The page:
Jason Marshall jason@george.localnet
Thu, 29 Jun 2000 19:13:22 -0700 (PDT)

> Jason Marshall wrote:
> To Jason Marshall
> You offer a accurate definition of "brute force".  
> We have had some problems which have been amenable 
> to no other method.  On the other hand we have 
> found ways logically to keep us from going down 
> "wasted" paths.  The fact that something produces 
> the same result as brute force does not mean its 
> application.  What I am describing is what occurs 
> in every AI-based logic engine, an exhaustive 
> true/false testing process.  No more, no less.

I still suspect we're talking past each other.  Perhaps
we don't have the same definition of 'exhaustive'. 
When I or most of my peers say/think exhaustive, we 
mean 'look under EVERY rock', not just 'look under all
the probable rocks'.  When you start introducing 
algorithms that trim your search space, you're doing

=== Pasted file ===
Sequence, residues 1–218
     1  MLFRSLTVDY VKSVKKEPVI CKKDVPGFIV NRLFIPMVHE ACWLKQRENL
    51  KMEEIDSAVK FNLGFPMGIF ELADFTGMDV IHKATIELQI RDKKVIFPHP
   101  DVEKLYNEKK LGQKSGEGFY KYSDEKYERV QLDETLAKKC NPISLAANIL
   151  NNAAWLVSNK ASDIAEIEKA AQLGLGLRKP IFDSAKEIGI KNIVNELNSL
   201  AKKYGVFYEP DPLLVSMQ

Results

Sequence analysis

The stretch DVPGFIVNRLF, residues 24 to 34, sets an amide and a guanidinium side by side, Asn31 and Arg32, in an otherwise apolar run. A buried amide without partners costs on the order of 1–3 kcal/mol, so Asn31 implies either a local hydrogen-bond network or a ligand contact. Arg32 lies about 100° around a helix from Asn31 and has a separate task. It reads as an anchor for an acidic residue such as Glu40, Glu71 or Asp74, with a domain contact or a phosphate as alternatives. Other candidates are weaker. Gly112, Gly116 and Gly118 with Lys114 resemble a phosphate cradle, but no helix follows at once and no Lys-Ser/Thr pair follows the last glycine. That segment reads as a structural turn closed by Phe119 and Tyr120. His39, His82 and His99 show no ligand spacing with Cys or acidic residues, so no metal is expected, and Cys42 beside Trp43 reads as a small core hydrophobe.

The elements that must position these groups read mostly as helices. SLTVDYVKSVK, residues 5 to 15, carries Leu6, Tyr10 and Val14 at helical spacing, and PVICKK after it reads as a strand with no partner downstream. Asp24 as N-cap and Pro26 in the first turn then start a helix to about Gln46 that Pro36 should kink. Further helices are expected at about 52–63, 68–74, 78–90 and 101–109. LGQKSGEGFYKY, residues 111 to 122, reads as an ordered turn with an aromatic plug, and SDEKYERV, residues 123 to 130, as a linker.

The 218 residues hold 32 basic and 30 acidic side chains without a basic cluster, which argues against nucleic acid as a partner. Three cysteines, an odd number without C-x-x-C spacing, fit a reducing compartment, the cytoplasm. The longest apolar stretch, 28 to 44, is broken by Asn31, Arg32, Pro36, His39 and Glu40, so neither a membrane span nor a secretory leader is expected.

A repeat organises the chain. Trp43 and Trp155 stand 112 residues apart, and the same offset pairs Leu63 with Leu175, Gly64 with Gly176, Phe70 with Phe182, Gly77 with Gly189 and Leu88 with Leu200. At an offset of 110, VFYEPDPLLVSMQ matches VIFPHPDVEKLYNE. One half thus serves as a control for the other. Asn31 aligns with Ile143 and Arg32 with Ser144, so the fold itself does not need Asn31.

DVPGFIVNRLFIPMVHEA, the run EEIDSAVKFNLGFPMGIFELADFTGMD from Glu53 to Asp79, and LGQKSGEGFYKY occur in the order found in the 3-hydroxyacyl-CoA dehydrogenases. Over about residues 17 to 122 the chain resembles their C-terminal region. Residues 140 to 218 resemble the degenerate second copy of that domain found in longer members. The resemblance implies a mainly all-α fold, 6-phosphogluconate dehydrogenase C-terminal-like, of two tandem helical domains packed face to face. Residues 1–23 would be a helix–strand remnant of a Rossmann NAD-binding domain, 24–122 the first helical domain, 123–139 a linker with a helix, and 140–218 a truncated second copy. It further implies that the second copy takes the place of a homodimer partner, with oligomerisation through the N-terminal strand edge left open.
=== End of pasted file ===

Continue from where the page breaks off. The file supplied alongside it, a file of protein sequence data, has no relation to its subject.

a directed search.  Unless it is provably impossible 
for a particular direction to contain a successful 'hit',
then you're using a heuristic, and no longer doing an
exhaustive search.  

Any commentary regarding the rest of your comments
hinges on the formal definitions, so I'll hold off
on any commentary.

> I don't want to make light of academic pursuits nor 
> those in pursuit.  I have been a member of the ACM 
> since 1962 and a participant in computer-related 
> matters in the IEEE since before it had formed the 
> Computer Society.  For most of that time what was 
> published under those societies meant absolutely 
> zip to me.  That did not keep from understanding 
> the importance of continuing a publishing outlet 
> that from time to time did create a practical 
> communication link with the "outside" world.

I can assure you I am not by any means an academic.